The Nigerian Fourth Republic, Federalism and Party Aggregation


  • Ambose Ihekwoaba EGWIM Redeemer’s University, Ede, Osun State, NIGERIA


Centralized federalism, federalism, party aggregation, national party


The explanation for the number of effective parties in a political system is not primarily the institutional or ideological factors but rather the location of power in the federal system - centralized federalism builds up centralized national parties. Using Chhibber and Kollman's postulation, this paper argues that Nigeria's military-bequeathed centralized federalism is a significant factor leading to two dominant national parties, the PDP and the APC, and pushing other parties to emerge as a third force (the L.P.). The increased regional power in the First Republic encouraged forming regional ruling parties and minor parties with limited viability within the federating units. The force to aggregate at the centre became tremendous as power consistently shifted to the federal government. The miniaturization of the federating states enhanced the central government's power and political parties' appetite to control it. This heralded the birth of national parties or what can be referred to as dominant parties. As a means of capturing power at the centre, what emerged recently are 'umbrella' and 'bounded broom' parties representing groups and interests whose primary goal is to control the centre.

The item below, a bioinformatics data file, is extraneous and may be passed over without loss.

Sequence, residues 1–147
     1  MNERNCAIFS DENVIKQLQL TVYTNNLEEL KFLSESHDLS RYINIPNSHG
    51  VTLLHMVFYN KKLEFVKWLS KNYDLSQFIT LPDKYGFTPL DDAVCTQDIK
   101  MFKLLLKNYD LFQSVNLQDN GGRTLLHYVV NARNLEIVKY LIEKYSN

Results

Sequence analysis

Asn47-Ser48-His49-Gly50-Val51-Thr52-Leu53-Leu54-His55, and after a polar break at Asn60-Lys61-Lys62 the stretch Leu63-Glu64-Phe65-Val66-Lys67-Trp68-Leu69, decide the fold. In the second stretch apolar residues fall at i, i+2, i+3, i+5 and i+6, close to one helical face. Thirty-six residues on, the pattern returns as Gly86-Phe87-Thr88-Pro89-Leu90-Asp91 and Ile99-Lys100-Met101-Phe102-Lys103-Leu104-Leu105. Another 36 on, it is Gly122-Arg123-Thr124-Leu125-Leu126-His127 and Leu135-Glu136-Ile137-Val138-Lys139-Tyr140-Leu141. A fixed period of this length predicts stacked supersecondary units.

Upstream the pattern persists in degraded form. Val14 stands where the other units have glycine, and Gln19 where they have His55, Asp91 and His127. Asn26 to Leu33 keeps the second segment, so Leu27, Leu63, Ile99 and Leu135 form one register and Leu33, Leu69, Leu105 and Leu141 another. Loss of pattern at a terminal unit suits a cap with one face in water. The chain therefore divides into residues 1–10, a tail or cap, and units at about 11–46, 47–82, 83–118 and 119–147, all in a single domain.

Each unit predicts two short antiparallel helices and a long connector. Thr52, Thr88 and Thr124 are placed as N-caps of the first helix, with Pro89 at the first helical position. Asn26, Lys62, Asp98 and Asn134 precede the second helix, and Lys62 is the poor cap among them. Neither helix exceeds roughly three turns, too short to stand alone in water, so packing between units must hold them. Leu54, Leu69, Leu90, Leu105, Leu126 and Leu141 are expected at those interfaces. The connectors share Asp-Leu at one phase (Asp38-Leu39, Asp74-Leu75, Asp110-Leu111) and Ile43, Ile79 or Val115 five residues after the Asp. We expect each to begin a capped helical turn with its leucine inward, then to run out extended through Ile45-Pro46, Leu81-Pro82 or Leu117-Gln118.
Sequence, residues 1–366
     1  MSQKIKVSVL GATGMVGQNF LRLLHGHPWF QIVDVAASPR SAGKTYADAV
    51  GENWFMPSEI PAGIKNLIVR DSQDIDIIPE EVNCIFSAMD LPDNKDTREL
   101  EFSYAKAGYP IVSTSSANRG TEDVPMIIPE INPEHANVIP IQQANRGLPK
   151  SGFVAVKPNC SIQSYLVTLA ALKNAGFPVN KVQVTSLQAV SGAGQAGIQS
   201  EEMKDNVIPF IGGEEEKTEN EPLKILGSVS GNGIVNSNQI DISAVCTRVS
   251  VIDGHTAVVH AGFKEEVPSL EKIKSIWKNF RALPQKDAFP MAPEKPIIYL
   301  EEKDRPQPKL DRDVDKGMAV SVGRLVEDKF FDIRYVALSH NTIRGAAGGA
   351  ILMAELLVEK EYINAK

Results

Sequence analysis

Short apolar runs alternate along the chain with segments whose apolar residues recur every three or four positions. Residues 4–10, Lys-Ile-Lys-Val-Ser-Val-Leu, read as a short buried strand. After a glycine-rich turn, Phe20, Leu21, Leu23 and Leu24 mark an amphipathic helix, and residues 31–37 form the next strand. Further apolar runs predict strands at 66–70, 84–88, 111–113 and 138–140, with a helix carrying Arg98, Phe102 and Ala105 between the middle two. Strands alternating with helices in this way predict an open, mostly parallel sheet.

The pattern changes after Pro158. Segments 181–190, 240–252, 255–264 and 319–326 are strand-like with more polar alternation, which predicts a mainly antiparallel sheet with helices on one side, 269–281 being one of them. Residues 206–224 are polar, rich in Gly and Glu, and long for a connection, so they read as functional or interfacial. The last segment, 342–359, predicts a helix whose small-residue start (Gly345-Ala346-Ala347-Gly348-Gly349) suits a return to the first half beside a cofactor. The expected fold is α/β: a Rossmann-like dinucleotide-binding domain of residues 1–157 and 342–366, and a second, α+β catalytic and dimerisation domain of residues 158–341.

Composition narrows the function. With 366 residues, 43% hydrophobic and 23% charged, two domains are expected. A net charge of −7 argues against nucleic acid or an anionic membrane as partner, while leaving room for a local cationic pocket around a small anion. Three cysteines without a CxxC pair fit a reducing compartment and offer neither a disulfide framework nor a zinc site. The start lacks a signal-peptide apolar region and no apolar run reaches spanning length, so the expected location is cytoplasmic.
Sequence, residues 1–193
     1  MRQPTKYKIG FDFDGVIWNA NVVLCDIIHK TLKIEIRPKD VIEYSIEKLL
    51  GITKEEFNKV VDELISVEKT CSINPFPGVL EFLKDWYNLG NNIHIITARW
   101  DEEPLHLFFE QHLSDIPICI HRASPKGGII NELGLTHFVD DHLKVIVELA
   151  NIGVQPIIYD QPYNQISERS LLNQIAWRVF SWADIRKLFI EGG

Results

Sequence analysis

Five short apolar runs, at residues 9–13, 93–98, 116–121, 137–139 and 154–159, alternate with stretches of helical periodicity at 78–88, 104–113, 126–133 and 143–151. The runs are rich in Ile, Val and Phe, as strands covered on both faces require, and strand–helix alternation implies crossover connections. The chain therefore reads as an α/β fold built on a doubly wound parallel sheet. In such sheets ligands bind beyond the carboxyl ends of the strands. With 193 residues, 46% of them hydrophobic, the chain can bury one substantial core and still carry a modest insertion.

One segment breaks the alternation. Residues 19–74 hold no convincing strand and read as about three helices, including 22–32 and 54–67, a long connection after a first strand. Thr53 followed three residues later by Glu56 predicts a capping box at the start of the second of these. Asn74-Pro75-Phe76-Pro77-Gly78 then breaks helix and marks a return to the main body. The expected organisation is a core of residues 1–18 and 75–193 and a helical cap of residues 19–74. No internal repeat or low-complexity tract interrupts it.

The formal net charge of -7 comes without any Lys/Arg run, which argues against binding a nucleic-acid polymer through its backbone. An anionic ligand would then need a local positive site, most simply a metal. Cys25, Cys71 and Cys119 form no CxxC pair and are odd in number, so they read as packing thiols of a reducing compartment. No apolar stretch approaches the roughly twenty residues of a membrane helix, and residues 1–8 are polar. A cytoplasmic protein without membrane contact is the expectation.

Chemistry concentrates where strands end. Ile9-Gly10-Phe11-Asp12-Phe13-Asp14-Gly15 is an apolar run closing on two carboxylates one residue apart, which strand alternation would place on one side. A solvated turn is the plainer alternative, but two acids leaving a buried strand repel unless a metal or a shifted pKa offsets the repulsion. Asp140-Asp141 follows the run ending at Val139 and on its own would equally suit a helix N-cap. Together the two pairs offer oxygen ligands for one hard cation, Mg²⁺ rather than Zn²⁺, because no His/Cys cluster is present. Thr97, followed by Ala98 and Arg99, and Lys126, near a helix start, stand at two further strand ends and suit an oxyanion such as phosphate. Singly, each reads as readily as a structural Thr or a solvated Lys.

Author Biography

Ambose Ihekwoaba EGWIM, Redeemer’s University, Ede, Osun State, NIGERIA

Department of Political Science




How to Cite

EGWIM, A. I. (2024). The Nigerian Fourth Republic, Federalism and Party Aggregation. Socialscientia: Journal of Social Sciences and Humanities, 8(4). Retrieved from